General: Treat the simulator as you would a patient.  Do everything that you normally would do in a patient situation.  Try not to pretend.  You can do most procedures and maneuvers normally.  In some cases, we have provided a way for you to accomplish tasks in an abbreviated manner.  Usually there will be a Simulation Center staff member who can help keep you oriented and supplied.

The Patient:  All of the patients have an identity and other appropriate information.  They will have a medical history and circumstances that have led them to the situation you encounter.  The patient may have eyes that open or blink but no skeletal movement. Patients can cry, talk and answer questions at an appropriate age level.  If they are talking, assume they are responsive. 

Breathing:  The patient breathes spontaneously and has chest rise and fall. The newborn, baby and young child simulators will turn blue around the mouth, indicating cyanosis.  Breath sounds are present over most areas of the chest and include wheezing, stridor, grunting and can be diminished or absent. Pulmonary compliance can change. If you are unsure what you are hearing or where to hear it best, ask for clarification. 

Airway:  The patient can be masked, intubated, or an LMA can be inserted.  Oral and nasotracheal airways can be used. A surgical or needle cricothyroidotomy can be performed if necessary on some patients. 

Circulation:  The baby simulator has a palpable left radial and brachial pulse and bilateral femoral pulses.  The newborn simulator has palpable right brachial and umbilical pulses.  The child simulators have palpable left and right carotid, radial, femoral and dorsalis pedis pulses that are pressure dependent.  The teenager simulator has left and right carotid, femoral, posterior tibial and dorsalis pedis pulses as well as left radial and brachial pulses.  Chest compressions can be performed on a poorly perfusing patient and must be done correctly to have a beneficial effect.  Pacing, cardioversion and defibrillation can be done on each simulator and you will be assisted in this process if necessary.  The patient will not “jump”. Use standard caution with defibrillators; some deliver actual energy.

IVs and Meds:  Use existing IVs normally.  New IVs may be started on the right arm of all simulators and it will be clear if this step is necessary. IO’s may be inserted in the tibia of the newborn, baby and child simulators. You MUST actually administer fluids and medications to produce the desired effect.

Monitoring:  ECG, SpO2, NIBP will appear if you connect the usual leads. Additional invasive monitoring may be present depending on the scenario.

Lab Tests: 12 Lead ECG’s are available immediately on the baby and teen. A 12 Lead ECG is available on the child if pertinent to the case. Lab studies and x-rays can be ordered on all patients and will become available if necessary for case management. Bedside glucose is available on all patients.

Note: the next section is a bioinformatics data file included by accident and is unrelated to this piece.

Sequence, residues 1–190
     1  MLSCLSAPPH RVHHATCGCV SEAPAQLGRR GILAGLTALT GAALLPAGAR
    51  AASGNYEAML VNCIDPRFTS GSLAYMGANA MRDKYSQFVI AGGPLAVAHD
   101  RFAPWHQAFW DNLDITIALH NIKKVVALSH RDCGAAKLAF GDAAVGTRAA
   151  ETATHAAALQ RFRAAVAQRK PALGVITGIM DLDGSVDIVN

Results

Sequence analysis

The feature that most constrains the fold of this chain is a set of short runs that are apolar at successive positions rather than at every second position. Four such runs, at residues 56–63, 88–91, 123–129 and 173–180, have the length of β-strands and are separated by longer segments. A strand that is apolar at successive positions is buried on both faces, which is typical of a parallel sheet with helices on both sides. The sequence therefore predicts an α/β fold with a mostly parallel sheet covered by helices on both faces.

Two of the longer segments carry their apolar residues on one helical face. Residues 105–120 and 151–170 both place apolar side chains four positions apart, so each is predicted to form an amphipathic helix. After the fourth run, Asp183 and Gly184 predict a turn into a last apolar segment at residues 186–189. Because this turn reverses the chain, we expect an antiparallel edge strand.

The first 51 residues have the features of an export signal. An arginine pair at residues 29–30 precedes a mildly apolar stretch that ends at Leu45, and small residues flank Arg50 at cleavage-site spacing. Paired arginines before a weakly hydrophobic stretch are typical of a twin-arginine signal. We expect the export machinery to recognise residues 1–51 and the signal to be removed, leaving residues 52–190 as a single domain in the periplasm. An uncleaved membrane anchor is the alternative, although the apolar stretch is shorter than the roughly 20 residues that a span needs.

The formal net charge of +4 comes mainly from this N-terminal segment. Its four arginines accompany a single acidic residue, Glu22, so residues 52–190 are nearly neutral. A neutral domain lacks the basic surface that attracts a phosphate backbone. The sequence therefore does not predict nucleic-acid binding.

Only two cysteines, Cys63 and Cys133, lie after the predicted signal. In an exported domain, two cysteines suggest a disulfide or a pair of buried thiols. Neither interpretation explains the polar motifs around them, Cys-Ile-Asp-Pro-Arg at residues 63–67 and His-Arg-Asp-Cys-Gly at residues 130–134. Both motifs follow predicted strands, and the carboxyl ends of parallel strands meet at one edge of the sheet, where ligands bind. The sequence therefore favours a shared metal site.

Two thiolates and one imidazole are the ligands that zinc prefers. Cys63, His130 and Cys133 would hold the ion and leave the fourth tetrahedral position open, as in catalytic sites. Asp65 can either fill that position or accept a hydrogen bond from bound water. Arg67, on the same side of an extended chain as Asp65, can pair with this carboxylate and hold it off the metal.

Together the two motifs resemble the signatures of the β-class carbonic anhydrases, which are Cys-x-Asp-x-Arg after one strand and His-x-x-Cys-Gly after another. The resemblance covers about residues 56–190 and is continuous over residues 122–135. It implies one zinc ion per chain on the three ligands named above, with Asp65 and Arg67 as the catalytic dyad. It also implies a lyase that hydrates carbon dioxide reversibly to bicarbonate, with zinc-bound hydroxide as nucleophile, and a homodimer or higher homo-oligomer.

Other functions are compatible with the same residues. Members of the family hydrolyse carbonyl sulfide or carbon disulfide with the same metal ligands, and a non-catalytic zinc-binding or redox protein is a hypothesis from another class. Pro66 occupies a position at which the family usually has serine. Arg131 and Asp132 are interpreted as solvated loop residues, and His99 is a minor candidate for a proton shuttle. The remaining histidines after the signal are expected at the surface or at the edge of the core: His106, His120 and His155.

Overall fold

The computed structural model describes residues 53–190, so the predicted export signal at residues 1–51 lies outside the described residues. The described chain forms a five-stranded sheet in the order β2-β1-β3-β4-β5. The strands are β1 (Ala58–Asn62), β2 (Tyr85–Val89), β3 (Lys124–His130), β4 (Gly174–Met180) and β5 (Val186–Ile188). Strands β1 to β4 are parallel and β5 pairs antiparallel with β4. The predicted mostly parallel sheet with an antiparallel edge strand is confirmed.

Code Cart & Records: Use the code cart and keep records as you typically would.  

Consults: You may ask for a consult with a medical specialist. If pertinent to the case one will be available by phone or in person.  

Confidentiality: What happens in the SIM lab stays in the SIM lab; please do not discuss cases outside of the debriefing room.

Adapted with permission from the Center for Medical Simulation


Click here to learn more about SOM Scholarly Activity in Pediatric Simulation

Presentations & Publications

The Pediatric Simulation Center continues to be involved on a national and international level with the simulation community at large. Our research projects, conducted in a highly collaborative environment, are increasingly being accepted as innovative educational initiatives. The Center’s research has been published in the following journals:  Pediatrics, American Journal of Medical Genetics, Journal of Bone and Joint Surgery, Critical Care Nurse, Journal of Graduate Medical Education, Medical Teacher, Academic Radiology, American Journal of Pharmaceutical Education, Journal of Clinical Sleep Medicine, Prehospital Emergency Care, Pediatric Emergency Care, Clinical Pediatrics, and Medical Science Educator.

                           For a full listing of our Presentations & Publications, please click the thumbnail below.
Peds Presentations and Publications

Come See Us

Pediatric Simulation Center
Children's of Alabama
1600 7th Avenue South
McWane Building 306
Birmingham, AL 35233


Please email us to learn more about our center:

General Information – Andrea Benz

Nursing Education Courses - Lynn Zinkan, RN or Amber Youngblood, RN

Medical Education – Nancy Tofil, MD or Chrystal Rutledge, MD

To make a donation – Nancy Tofil, MD